The full bench of the Fair Work Commission has remitted an anti-bullying case back to Commissioner Hunt to re-determine whether or not Trade and Investment Queensland is a constitutional corporation within the meaning of s 789FD of the Fair Work Act.
The appeal was granted on public interest grounds by Deputy Presidents Val Gostencnik and John Kovacic and Commissioner Paula Spencer in conjunction with other errors in the decision.
Commissioner Hunt held that TIQ’s activities did not amount to trading and at most, were not a ‘substantial consideration’ despite charging rent to another entity to occupy premises. A sub-tenancy is considered by the full bench to be ‘prima facie commercial in nature and carried on by the TIQ with a view to earning revenue’.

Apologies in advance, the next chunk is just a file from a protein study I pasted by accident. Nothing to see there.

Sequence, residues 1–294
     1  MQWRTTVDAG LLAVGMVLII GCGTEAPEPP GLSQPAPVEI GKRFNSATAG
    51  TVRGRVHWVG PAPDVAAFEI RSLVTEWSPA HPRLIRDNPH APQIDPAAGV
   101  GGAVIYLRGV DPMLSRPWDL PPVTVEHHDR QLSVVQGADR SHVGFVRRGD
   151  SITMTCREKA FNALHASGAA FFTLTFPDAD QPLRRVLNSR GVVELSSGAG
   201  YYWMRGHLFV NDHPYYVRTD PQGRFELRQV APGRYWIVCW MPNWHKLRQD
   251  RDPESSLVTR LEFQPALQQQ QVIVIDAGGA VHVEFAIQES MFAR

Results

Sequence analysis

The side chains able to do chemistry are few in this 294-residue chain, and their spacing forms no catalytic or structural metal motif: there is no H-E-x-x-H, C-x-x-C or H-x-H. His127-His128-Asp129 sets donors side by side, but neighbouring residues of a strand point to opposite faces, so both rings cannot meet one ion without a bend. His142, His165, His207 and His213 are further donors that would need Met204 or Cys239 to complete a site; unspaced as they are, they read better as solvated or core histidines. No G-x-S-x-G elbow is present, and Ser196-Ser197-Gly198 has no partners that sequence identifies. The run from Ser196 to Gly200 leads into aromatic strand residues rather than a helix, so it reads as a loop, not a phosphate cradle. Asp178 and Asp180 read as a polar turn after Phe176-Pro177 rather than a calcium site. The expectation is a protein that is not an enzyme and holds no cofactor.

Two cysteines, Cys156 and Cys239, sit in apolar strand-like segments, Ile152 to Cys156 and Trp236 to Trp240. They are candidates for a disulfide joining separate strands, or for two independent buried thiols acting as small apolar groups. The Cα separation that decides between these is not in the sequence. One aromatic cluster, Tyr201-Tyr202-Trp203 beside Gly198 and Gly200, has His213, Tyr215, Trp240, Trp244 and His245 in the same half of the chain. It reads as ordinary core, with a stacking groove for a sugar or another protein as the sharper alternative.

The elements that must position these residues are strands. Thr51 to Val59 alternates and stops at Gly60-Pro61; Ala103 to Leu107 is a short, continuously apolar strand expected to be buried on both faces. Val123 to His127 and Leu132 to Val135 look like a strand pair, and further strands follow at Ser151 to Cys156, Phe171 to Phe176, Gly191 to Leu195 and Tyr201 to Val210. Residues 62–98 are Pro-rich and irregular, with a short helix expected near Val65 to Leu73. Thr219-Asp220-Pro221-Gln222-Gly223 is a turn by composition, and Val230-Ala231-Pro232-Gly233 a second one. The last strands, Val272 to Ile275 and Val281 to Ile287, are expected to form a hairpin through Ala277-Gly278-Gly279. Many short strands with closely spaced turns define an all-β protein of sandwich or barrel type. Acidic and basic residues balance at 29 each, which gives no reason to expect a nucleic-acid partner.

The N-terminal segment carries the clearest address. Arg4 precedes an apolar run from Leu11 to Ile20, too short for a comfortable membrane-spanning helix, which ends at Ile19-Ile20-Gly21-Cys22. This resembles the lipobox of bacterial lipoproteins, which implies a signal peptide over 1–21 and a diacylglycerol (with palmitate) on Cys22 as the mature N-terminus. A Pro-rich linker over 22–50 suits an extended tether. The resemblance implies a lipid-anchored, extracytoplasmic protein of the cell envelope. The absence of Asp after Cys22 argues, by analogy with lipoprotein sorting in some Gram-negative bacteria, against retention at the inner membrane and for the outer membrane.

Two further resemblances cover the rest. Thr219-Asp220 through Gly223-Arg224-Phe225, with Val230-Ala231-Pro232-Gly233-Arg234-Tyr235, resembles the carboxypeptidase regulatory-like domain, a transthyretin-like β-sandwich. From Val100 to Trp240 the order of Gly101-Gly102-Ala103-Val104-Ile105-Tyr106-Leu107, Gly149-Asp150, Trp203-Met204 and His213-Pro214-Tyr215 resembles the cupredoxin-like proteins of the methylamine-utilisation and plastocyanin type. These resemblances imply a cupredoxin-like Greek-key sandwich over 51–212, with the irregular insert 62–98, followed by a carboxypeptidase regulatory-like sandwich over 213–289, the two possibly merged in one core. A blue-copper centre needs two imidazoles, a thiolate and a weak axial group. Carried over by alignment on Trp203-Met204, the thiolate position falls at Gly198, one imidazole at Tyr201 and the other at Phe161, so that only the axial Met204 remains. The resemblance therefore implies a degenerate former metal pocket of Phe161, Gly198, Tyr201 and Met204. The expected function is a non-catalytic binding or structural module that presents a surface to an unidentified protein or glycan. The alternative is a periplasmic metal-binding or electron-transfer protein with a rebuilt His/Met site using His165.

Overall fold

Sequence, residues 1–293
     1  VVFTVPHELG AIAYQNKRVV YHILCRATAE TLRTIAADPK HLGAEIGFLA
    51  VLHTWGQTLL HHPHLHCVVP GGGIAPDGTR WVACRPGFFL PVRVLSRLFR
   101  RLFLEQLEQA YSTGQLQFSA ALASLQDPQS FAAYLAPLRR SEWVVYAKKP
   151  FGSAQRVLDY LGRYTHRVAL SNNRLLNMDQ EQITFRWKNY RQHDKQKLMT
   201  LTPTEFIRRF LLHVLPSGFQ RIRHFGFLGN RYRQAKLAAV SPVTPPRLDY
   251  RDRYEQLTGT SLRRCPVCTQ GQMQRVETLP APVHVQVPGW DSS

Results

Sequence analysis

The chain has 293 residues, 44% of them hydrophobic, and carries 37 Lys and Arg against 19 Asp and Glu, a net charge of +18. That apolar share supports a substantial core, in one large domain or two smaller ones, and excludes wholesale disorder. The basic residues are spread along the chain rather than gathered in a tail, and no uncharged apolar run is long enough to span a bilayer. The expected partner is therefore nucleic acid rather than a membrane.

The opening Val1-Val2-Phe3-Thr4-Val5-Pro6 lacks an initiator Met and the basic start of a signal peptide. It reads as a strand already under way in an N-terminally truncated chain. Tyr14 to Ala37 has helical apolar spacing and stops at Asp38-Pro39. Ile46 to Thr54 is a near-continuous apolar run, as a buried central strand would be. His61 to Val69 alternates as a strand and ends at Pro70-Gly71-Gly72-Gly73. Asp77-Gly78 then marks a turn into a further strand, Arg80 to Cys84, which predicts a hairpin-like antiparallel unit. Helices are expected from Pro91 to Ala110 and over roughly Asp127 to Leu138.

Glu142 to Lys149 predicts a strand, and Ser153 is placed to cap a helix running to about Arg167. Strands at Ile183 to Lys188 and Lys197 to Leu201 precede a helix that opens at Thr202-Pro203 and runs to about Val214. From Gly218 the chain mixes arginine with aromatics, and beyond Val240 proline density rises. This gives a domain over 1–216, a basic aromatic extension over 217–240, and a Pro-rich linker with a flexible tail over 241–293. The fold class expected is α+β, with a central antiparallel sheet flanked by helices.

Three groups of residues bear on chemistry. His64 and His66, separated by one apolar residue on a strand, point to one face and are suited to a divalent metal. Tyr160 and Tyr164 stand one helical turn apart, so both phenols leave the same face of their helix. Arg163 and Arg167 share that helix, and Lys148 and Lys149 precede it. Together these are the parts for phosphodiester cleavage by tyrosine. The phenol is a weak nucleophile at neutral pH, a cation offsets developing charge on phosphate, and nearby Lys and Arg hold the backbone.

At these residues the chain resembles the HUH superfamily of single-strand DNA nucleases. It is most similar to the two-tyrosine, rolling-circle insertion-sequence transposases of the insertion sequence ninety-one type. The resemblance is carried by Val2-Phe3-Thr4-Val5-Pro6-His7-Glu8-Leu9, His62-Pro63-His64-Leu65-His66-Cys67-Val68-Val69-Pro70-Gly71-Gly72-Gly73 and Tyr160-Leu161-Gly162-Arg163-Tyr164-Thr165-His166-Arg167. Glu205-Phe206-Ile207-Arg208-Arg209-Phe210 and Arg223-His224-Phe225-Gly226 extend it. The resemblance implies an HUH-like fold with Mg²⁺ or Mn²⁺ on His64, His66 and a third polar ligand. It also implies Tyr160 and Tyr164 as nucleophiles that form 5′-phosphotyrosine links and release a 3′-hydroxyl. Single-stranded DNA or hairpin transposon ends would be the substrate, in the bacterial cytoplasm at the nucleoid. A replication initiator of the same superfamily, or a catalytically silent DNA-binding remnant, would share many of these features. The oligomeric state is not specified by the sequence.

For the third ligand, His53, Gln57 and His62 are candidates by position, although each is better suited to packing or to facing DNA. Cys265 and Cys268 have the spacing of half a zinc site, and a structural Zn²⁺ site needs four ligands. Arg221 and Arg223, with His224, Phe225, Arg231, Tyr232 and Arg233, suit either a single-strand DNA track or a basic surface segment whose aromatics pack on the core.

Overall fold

The bench also commented on how the interest earned from bank accounts across various jurisdictions did not constitute a trading activity.
Tips for Employers
In light of this decision, employers are strongly advised to:
- Comply with workplace law to prevent bullying and harassment to guarantee fair work conditions for employees
- Consult your employment lawyer if you are in a legal dispute to navigate employment law
- incorporate discrimination, dispute resolution and grievance clauses into their employment contracts
If you would like more information about this article or if you would like any assistance in other employment law matters, from an employment lawyer in Sydney, please feel free to speak with or email one of our specialist employment lawyers on (02) 9635 7966 or email@example.com
DISCLAIMER: This article is provided to clients and readers for their general information and on a complimentary basis. It contains a brief summary only and should not be relied upon or used as definitive or complete statement of the relevant workplace law.